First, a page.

Stages of the Trial


A trial generally proceeds as follows.

The OPENING STATEMENT of the lawyers: In a civil case, the lawyer (or in complicated cases, several lawyers) for the plaintiff begins by giving the jury a preview of what they expect to prove and to recover.

In a criminal case, the state's attorney or attorney general will make the opening statement, explaining the charge and the case against the defendant. The lawyer for the defendant (or accused) may either give an opening statement or reserve it until the state rests it case against the accused.


PLAINTIFF'S EVIDENCE: After the opening statements, the plaintiff's lawyer (or in a criminal case, the state's or city attorney or attorney general) will call witnesses, each of whom will take an oath and give testimony. During the examination (questioning of witnesses), exhibits (such as writings,photographs, plans) may be offered as evidence in the trial. If the judge rules the exhibits are to be received into evidence, jurors may examine them and they will be taken into the jury room during deliberation. Under certain circumstances, jurors may, under court supervision, leave the courtroom to look at a particular site or object.

When examining a witness, the plaintiff's lawyer asks the questions first, and this is called DIRECT EXAMINATION. The defendant's lawyer then CROSS-EXAMINES the witness. Generally, cross-examination is limited to questions concerning matters brought up in direct examination.

After cross-examination, the plaintiff's lawyer may again question the witness (this is called REDIRECT), and this may be followed by recross examination.

This process of examining and cross-examining witnesses and receiving exhibits continues until the plaintiff's evidence is before the jury. At this time, the plaintiff's lawyer will state to the court, "Plaintiff rests." In criminal case, the state's or city attorney or attorney general says, "The state (or city) rests."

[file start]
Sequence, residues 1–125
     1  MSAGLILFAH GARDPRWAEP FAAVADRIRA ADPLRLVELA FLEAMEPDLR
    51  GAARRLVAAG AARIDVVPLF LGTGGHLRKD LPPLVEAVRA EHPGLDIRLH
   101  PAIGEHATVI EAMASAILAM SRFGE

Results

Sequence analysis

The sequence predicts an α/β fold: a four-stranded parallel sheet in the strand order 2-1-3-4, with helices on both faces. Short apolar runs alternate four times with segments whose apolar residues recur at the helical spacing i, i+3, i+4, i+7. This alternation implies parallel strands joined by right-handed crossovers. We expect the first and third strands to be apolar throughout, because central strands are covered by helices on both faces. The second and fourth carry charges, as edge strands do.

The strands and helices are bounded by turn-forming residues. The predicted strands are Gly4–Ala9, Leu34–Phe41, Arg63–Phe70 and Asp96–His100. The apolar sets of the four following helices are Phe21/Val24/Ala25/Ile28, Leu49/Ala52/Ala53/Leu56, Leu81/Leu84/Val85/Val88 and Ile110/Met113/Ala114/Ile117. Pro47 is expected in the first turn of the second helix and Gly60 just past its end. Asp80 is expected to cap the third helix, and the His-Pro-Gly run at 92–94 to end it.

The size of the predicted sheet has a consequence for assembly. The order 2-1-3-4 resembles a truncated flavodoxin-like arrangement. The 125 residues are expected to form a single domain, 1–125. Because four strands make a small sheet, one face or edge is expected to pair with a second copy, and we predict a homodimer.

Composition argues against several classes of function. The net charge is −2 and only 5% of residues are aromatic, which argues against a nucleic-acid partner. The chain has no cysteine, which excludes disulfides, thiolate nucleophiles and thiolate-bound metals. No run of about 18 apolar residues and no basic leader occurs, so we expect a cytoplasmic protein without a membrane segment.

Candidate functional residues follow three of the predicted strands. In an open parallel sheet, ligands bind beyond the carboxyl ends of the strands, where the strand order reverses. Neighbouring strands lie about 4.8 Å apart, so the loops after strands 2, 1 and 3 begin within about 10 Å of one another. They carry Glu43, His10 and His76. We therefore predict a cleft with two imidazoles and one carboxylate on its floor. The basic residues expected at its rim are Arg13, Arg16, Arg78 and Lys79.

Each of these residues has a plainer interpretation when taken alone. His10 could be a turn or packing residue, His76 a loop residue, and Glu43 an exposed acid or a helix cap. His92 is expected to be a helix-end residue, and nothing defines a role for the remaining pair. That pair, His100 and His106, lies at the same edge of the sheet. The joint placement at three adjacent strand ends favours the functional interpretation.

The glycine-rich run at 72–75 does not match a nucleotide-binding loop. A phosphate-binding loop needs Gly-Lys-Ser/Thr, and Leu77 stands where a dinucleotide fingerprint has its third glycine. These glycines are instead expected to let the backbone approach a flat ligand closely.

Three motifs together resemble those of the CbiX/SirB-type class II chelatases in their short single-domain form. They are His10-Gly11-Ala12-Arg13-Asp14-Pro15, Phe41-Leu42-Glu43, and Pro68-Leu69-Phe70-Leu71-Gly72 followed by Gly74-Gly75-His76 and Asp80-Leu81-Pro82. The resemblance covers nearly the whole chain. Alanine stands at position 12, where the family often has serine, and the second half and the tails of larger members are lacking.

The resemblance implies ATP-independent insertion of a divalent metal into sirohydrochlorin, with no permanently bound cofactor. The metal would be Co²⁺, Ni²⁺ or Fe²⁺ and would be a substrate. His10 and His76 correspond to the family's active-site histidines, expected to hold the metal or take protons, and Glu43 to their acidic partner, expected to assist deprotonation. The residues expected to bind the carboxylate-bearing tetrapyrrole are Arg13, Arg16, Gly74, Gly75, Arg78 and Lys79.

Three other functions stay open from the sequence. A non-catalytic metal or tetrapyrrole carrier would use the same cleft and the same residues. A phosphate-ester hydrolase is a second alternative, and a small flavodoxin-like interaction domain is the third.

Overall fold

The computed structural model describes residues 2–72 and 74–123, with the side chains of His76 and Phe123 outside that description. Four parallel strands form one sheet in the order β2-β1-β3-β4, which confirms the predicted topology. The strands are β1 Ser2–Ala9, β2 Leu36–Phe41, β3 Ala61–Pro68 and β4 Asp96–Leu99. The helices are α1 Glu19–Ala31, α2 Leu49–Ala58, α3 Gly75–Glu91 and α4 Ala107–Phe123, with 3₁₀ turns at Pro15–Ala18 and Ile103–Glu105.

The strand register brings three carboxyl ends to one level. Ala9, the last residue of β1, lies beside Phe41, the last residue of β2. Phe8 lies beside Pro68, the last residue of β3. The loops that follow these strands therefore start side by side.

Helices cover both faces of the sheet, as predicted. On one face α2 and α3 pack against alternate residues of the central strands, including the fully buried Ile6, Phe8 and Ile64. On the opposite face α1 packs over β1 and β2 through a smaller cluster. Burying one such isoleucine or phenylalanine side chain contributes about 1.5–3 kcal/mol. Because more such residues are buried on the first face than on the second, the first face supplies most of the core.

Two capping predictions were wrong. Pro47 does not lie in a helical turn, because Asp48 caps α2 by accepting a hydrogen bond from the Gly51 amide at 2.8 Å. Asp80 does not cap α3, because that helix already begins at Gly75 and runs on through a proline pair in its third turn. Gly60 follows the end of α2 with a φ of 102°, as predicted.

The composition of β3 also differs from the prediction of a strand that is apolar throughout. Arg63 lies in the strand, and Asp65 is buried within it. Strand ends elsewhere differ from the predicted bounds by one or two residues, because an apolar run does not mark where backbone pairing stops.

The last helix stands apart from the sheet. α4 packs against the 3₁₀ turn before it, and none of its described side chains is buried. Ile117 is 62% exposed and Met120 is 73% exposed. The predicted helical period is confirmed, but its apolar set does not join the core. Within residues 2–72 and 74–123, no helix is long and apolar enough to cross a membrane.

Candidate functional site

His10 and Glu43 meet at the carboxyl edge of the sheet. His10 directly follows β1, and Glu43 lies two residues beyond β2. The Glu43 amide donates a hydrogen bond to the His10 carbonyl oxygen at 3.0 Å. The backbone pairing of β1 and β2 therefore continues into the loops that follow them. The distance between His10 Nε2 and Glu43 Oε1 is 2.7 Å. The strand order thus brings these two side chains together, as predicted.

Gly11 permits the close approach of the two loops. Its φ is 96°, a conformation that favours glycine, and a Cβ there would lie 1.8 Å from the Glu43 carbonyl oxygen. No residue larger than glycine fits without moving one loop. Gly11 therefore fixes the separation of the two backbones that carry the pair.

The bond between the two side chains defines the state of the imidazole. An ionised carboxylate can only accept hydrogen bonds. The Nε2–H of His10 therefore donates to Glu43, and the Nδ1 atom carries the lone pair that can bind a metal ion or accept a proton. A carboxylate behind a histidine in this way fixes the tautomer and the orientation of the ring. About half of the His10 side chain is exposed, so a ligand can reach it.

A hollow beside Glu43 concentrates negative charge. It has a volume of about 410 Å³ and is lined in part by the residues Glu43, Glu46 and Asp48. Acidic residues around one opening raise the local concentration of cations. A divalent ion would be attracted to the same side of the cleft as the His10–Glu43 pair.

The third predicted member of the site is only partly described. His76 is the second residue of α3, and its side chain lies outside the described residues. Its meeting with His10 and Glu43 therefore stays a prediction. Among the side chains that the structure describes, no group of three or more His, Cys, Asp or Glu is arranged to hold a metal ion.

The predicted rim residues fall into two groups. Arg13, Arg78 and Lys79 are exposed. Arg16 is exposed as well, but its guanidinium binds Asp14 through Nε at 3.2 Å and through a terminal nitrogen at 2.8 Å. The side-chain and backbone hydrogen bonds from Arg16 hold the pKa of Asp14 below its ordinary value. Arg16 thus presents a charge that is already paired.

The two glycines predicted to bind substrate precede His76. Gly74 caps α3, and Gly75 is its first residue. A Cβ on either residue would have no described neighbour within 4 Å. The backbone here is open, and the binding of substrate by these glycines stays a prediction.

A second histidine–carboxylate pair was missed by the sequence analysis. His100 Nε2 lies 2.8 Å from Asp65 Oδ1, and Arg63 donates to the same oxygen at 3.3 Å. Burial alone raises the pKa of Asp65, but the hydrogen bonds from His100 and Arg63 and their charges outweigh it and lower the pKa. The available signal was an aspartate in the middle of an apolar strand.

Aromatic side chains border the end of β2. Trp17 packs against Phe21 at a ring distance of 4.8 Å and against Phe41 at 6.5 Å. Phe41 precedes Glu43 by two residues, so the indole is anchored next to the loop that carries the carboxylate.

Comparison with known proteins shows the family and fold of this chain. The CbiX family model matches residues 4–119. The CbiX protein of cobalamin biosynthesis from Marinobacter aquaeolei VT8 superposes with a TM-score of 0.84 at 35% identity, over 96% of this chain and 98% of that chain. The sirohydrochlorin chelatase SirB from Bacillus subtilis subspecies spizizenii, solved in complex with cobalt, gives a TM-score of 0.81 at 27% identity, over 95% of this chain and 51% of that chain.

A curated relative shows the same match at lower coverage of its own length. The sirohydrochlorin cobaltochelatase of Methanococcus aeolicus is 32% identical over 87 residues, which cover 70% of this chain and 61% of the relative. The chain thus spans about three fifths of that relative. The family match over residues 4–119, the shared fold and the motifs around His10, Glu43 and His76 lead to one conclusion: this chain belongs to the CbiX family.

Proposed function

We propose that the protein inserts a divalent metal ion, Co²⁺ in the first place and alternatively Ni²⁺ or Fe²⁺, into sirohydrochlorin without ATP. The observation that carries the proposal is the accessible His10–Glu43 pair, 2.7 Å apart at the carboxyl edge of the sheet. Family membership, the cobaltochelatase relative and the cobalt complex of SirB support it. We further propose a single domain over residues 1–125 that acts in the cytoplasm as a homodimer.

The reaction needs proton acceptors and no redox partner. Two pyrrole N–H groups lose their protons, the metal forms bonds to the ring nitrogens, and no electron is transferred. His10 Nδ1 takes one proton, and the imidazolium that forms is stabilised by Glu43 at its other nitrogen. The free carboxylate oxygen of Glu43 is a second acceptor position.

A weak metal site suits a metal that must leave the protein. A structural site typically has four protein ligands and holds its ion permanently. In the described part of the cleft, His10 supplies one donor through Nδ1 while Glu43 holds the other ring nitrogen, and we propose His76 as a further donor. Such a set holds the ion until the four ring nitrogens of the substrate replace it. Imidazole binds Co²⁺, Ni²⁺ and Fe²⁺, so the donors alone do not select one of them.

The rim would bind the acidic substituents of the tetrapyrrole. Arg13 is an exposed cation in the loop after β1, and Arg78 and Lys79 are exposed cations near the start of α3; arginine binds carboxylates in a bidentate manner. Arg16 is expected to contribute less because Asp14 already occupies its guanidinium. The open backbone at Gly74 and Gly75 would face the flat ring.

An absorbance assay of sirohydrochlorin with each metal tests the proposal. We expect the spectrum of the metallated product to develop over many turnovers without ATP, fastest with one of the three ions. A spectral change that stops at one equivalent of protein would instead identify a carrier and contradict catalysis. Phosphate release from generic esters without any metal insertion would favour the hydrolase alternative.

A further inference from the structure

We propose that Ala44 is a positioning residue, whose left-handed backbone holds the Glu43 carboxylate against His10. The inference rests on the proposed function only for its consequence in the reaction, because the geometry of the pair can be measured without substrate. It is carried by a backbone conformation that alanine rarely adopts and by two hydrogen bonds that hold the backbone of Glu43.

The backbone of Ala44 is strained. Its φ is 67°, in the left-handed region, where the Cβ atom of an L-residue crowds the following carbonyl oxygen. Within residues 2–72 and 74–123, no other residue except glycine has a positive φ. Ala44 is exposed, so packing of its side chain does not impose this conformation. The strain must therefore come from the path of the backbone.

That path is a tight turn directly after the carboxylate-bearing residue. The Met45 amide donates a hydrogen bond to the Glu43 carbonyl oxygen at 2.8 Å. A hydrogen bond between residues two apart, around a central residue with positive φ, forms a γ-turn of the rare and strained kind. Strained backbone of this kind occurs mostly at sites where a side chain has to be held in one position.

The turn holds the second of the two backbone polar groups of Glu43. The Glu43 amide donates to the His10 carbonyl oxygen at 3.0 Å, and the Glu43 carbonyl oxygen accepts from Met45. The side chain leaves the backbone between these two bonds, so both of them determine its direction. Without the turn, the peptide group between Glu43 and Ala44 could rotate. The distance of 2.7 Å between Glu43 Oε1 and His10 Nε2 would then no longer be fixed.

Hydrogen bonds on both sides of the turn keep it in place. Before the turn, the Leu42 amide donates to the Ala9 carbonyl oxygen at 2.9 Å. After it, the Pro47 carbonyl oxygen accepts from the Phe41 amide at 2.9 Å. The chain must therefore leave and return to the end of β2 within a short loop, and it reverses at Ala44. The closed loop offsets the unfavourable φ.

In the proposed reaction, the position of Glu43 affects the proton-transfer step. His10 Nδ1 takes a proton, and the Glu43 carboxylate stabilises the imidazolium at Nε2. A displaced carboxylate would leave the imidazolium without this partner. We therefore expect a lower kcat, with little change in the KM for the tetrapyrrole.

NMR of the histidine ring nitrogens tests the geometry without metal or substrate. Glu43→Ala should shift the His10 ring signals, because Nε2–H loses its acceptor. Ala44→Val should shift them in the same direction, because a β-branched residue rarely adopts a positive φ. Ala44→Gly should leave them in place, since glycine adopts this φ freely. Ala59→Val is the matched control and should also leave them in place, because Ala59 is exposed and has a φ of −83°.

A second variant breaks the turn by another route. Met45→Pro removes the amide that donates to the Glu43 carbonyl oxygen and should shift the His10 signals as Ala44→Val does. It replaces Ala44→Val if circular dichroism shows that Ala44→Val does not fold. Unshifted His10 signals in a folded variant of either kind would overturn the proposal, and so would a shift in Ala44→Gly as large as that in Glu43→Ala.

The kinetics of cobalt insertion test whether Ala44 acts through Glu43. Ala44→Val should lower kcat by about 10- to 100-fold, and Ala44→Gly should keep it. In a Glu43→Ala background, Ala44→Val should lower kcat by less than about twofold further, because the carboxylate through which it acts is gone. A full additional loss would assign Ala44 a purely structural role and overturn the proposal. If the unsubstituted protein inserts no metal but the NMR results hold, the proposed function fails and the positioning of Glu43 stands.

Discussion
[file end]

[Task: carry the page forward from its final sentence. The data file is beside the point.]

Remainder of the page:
DEFENDANT'S EVIDENCE: After the plaintiff has rested, the defendant calls witnesses to defend against the claim of the plaintiff. if there is a counterclaim, witnesses proving the counterclaim may also be called.

The defendant's lawyer examines the witnesses first on direct examination, then the plaintiff's lawyer cross-examines. The defendant's case continues in essentially the same manner as the plaintiff's until the defendant's lawyer states to the court, "Defendant rests."

According to federal and state constitutions, the defendant in a criminal case is not required to testify or offer any evidence in defense of the charge against the defense.


PLAINTIFF'S REBUTTAL EVIDENCE: The plaintiff may call witnesses to respond to testimony given in the defendant's case. This is called REBUTTAL.


PREPARATION OF INSTRUCTIONS: After both parties have rested, there is usually a recess while the judge, with assistance of the lawyers involved, prepares instructions for the jury.


CHARGE TO THE JURY: After the instructions have been prepared, the judge, jurors, lawyers and parties reassemble in the courtroom for the charge to the jury, in which the judge reads the instructions to the jury.

These instructions tell the jury what the law is concerning this particular case. THE JURY IS RESPONSIBLE FOR DETERMINING THE FACTS OF THE CASE. THE COURT AT ALL TIMES DETERMINES THE LAW.


ARGUMENT: The case is then argued by lawyers for the parties. In this argument, the lawyers review the testimony and usually state their respective theories of the case to the jury. The plaintiff's lawyer begins the argument and is followed by the lawyer for the defendant. Each side is entitled to the same amount of time (set by the judge) to argue, although the plaintiff has the privilege of dividing the time and making a CONCLUDING ARGUMENT.

DELIBERATION: Court bailiffs are sworn to take charge of the jury which withdraws to a private place to decide the issues. Jurors take with them their recollection of the testimony of the witnesses, the exhibits introduced at the trial and a copy of the court's instructions. The jury returns to the courtroom after having reached a verdict.


DECISION: The court's instructions tell the jury how many of them must agree to reach a decision. After a decision has been reached, or if agreement is impossible, the jury returns to court.

In a criminal case, the judge will ask the jury if a verdict has been reached. The foreperson will state orally that the defendant was found guilty or not guilty of the various charges, or that the jury cannot agree on a verdict.

In a civil case, the foreperson will have completed and signed a written form stating the verdict, unless agreement was not reached. The foreperson hands it to the clerk who reads it in open court.

Either side may then request that the jury be POLLED. This means that each juror must state orally whether they voted for or against the majority decision.


Information       Courthouses       Coping with Stress       SD Unified Judicial System      
Juror Questionnaire       Home